Dealing with it may include a physical confrontation. Because of this, it’s vital to ensure you are in as good of shape physically as possible. If you’re not in good condition, see your doctor. Once your doctor gives you the thumbs up, start training. Remember, training doesn’t mean you need to go to the gym.  What it means is to pick up the pace.  Start going for walks.  Find out self-improvement methods on the internet. Whatever it is, take proactive steps to improve yourself.

Another proactive step is self-defense training.  Many towns, martial arts studios, etc., offer self-defense workshops, especially for women.  Take advantage of these and work on improving yourself.  Don’t be intimidated because you’re new to it or don’t know anyone there.  Use the feeling of uncertainty as the first step in building the self-confidence to overcome a violent encounter, should it happen.

The Bottom Line on Developing a Self Defense Mindset

It’s important to know that every step you take towards improving your security, safety, and preparedness is one step closer to a successful outcome. Developing a self defense mindset gives you an advantage that many don’t have, and it can also take your opponent by surprise.


Stay safe, secure, and prepared,


Brian Duff

Brian Duff

Brian began his preparedness life after experiencing his first major earthquake at three. Since then, Brian's quest to develop his Mind4Survival has taken him around the world, where he spent decades working as a lifeguard, firefighter, paramedic, U.S. Army Ranger, high-threat diplomatic protective-security specialist, training director, international security director, and security and preparedness consultant. Brian holds a bachelor's degree in security management, a master's degree in business administration, and numerous safety, security, and preparedness certifications.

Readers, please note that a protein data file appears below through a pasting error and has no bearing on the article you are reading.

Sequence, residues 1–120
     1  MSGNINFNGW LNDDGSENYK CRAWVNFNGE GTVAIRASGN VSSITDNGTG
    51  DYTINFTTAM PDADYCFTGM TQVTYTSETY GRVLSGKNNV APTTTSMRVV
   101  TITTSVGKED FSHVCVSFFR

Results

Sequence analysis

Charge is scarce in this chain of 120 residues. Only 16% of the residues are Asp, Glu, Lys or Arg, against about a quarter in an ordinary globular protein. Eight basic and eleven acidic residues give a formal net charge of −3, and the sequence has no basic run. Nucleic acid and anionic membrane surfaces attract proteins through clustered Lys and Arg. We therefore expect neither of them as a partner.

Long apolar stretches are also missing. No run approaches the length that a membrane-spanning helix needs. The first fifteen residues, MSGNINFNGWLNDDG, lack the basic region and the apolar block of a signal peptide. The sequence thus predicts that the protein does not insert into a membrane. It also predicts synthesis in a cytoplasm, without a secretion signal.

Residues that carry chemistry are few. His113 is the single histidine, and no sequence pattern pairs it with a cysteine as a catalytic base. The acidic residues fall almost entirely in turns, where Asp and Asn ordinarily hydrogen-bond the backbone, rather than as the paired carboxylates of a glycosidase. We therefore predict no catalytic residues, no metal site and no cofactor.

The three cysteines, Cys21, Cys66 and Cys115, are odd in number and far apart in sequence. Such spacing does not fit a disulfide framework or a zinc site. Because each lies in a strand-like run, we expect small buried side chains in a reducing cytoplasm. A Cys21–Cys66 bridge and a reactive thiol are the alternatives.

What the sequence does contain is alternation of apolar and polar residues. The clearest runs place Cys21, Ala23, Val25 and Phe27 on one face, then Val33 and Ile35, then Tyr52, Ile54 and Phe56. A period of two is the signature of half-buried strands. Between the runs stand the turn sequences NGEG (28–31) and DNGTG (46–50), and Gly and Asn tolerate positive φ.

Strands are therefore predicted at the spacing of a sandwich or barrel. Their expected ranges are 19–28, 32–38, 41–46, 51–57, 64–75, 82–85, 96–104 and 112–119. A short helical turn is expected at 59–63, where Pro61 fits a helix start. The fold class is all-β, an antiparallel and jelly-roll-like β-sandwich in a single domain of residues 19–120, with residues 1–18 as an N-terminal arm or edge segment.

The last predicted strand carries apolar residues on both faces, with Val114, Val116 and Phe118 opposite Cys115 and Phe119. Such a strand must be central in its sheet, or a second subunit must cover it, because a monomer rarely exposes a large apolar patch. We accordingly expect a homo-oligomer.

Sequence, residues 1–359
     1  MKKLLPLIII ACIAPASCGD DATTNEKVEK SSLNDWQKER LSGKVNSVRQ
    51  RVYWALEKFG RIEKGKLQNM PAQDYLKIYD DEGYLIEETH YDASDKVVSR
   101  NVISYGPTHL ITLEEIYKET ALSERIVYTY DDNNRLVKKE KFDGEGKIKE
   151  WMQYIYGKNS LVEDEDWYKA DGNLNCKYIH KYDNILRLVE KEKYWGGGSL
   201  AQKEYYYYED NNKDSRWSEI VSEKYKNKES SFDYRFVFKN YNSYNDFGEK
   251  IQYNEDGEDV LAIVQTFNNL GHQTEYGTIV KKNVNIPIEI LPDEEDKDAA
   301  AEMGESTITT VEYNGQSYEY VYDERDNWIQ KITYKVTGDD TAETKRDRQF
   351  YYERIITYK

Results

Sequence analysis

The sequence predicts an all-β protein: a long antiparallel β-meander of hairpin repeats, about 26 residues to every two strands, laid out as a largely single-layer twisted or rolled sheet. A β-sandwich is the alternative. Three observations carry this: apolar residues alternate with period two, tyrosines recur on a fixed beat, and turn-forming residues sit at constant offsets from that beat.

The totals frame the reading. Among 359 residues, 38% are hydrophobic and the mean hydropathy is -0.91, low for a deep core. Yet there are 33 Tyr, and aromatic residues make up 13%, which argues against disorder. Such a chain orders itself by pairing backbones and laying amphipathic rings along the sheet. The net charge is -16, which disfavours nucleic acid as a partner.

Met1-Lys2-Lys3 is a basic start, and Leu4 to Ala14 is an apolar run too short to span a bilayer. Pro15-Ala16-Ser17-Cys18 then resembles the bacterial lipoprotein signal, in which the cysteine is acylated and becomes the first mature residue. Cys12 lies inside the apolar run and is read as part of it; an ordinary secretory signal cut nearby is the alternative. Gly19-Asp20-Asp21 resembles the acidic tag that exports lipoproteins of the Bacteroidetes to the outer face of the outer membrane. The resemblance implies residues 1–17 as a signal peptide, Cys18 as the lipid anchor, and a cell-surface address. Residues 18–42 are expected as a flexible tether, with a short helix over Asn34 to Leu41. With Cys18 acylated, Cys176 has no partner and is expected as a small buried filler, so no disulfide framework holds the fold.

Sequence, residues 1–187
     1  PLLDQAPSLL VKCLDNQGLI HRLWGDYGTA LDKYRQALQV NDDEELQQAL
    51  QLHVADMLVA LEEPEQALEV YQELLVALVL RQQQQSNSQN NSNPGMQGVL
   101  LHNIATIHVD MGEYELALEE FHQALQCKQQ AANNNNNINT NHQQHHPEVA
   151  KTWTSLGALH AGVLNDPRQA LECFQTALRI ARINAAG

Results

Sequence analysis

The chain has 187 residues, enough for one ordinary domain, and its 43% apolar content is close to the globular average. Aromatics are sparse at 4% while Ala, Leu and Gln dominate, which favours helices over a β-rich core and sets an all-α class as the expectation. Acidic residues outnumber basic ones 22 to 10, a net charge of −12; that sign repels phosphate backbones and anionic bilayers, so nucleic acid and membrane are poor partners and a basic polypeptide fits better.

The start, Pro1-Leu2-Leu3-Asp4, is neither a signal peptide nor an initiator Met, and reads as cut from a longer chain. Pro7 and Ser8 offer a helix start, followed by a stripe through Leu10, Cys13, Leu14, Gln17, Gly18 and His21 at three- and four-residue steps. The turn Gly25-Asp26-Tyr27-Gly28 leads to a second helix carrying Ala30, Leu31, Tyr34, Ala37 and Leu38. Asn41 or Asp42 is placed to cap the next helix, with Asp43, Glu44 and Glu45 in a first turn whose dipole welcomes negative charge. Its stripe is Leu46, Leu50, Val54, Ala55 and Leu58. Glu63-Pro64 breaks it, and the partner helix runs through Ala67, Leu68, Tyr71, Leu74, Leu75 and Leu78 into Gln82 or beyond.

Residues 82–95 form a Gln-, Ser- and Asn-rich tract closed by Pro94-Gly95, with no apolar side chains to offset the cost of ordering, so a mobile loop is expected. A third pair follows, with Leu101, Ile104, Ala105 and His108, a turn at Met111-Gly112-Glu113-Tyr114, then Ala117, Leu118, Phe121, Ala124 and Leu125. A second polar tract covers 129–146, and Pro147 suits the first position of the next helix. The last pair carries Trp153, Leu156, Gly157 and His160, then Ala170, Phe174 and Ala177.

1. Native on July 27, 2022 at 12:02 pm

    Hey Brian, Thanks for this article. Ever watch true crime TV shows? I do. They have had at least 3 shows on women who learned self-defense.

    One was a judo champion. Her husband attacked her while she was carrying groceries and stabbed her to death because he didn’t want to lose their home in their divorce.

    The second was an elderly woman who was attacked in her own home. She had studied self-defense for many years; it was useless in fending off her home’s invader.

    However, it did give her the presence of mind to search for a way out. When she fled the home, the invader shot her. Fortunately, he just grazed her scalp and she lay still to feign death. She survived only because her attacker ran off.

    The third was a military married couple. The wife was an arms instructor and of course, well-trained in self-defense. That didn’t help when her husband strangled her to death over financial problems.

    Moral of the story: guns are the great equalizer. Yes, situational awareness is very important. But men are faster, bigger, and stronger than women are. No amount of training can change that.

    • Brian Duff on July 27, 2022 at 5:45 pm

      That’s one perspective, and you make some valid points.

      So, am I to understand that, in your view, training is worthless if the person you’re having a problem with is faster, bigger, and stronger? Hmm, is the point of training only to face slower, smaller, and weaker opponents?

      In my opinion, believing in absolutes such as a man will always outmatch women is akin to saying all people are equally capable of handling a firearm, making a firearm the great equalizer.

      There are many different levels of mindset and ability when it comes to firearms. And, because there are many levels from zero confidence and capability to a seasoned Delta-Force Operator, the gun, therefore, by definition, is not the great equalizer.

      Instead, a firearm is a tool, and in the hands of someone trained with it, it can be an effective force multiplier. What’s also an effective force multiplier is a woman who is trained in and understands self-defense.

      In my opinion, any sound and well-executed training can be beneficial and can be effective in helping a person overcome faster, bigger, and stronger.

      Thanks for your comment! Great discussion.

      Stay safe,